Figure : projected-change-in-number-of-consecutive-dry-days

Projected Change in Number of Consecutive Dry Days

Figure 19.5

Cooperative Institute for Climate and Satellites - NC
Kenneth E. Kunkel

This figure appears in chapter 19 of the Climate Change Impacts in the United States: The Third National Climate Assessment report.

http://nca2014.globalchange.gov/report/regions/great-plains/graphics/projected-change-number-consecutive-dry-days

Current regional trends of a drier south and a wetter north are projected to become more pronounced by mid-century (2041-2070 as compared to 1971-2000 averages). Maps show the maximum annual number of consecutive days in which limited (less than 0.01 inches) precipitation was recorded on average from 1971 to 2000 (top), projected changes in the number of consecutive dry days assuming substantial reductions in emissions (B1), and projected changes if emissions continue to rise (A2). The southeastern Great Plains, which is the wettest portion of the region, is projected to experience large increases in the number of consecutive dry days. (Figure source: NOAA NCDC / CICS-NC).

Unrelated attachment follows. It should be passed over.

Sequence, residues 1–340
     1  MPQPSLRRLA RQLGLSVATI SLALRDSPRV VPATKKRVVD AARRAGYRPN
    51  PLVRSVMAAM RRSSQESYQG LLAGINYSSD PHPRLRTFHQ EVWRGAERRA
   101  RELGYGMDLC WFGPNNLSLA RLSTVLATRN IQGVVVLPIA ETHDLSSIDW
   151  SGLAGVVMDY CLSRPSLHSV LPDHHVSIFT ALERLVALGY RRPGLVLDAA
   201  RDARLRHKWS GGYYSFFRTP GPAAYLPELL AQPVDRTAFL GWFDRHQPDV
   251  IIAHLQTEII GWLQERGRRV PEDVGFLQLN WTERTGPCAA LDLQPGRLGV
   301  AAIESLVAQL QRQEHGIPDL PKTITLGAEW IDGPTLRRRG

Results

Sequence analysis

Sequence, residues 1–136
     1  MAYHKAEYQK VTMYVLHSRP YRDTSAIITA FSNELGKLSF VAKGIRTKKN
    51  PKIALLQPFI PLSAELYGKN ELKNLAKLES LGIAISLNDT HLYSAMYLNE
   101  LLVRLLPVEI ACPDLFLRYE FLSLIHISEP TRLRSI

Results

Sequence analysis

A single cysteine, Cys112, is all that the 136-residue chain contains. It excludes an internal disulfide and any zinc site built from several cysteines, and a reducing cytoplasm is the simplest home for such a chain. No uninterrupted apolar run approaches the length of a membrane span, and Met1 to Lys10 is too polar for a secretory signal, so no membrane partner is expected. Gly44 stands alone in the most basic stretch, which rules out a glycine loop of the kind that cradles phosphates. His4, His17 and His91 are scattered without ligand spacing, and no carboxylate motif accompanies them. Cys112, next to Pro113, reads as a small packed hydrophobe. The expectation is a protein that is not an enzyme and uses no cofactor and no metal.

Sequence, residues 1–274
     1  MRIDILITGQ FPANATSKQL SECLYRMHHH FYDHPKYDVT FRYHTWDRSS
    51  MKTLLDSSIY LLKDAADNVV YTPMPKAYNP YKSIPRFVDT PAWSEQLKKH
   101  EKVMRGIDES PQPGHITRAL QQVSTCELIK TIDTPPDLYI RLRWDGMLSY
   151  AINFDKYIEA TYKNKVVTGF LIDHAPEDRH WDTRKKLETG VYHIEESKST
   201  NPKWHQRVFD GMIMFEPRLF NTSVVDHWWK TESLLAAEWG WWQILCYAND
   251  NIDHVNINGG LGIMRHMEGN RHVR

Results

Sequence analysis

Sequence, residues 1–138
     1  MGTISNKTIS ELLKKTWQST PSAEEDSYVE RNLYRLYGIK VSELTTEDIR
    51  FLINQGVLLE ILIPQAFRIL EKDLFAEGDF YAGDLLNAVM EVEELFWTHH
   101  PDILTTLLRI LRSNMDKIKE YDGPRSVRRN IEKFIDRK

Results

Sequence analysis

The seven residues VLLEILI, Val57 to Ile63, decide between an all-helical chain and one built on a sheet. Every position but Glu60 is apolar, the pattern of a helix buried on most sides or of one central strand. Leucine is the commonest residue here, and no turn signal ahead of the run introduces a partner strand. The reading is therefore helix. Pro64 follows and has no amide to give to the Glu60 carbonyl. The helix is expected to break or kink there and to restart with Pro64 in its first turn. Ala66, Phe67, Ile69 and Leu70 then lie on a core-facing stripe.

When citing this figure, please reference NOAA NCDC / CICS-NC.

Free to use with credit to the original figure source.

This figure was created on November 18, 2013.


This figure is composed of these images :
You are viewing /report/nca3/chapter/great-plains/figure/projected-change-in-number-of-consecutive-dry-days in HTML

Alternatives : JSON YAML Turtle N-Triples JSON Triples RDF+XML RDF+JSON Graphviz SVG